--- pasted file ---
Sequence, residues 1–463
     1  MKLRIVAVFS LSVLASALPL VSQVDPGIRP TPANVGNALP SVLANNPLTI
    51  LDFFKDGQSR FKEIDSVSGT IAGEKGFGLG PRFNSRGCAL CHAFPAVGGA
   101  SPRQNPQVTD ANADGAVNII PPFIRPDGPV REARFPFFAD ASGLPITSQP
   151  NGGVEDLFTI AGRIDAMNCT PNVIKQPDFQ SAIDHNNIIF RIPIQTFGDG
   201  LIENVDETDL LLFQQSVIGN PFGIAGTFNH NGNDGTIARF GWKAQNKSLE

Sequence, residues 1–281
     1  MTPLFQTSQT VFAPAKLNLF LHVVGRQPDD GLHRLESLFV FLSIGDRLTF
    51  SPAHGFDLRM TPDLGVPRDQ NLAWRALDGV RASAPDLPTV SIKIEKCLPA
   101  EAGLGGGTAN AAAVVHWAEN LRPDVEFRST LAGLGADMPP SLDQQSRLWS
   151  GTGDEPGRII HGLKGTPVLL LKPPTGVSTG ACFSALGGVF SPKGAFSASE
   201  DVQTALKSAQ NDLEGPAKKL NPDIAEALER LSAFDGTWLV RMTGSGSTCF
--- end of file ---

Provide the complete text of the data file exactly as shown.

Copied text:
Sequence, residues 1–463
     1  MKLRIVAVFS LSVLASALPL VSQVDPGIRP TPANVGNALP SVLANNPLTI
    51  LDFFKDGQSR FKEIDSVSGT IAGEKGFGLG PRFNSRGCAL CHAFPAVGGA
   101  SPRQNPQVTD ANADGAVNII PPFIRPDGPV REARFPFFAD ASGLPITSQP
   151  NGGVEDLFTI AGRIDAMNCT PNVIKQPDFQ SAIDHNNIIF RIPIQTFGDG
   201  LIENVDETDL LLFQQSVIGN PFGIAGTFNH NGNDGTIARF GWKAQNKSLE

Sequence, residues 1–281
     1  MTPLFQTSQT VFAPAKLNLF LHVVGRQPDD GLHRLESLFV FLSIGDRLTF
    51  SPAHGFDLRM TPDLGVPRDQ NLAWRALDGV RASAPDLPTV SIKIEKCLPA
   101  EAGLGGGTAN AAAVVHWAEN LRPDVEFRST LAGLGADMPP SLDQQSRLWS
   151  GTGDEPGRII HGLKGTPVLL LKPPTGVSTG ACFSALGGVF SPKGAFSASE
   201  DVQTALKSAQ NDLEGPAKKL NPDIAEALER LSAFDGTWLV RMTGSGSTCF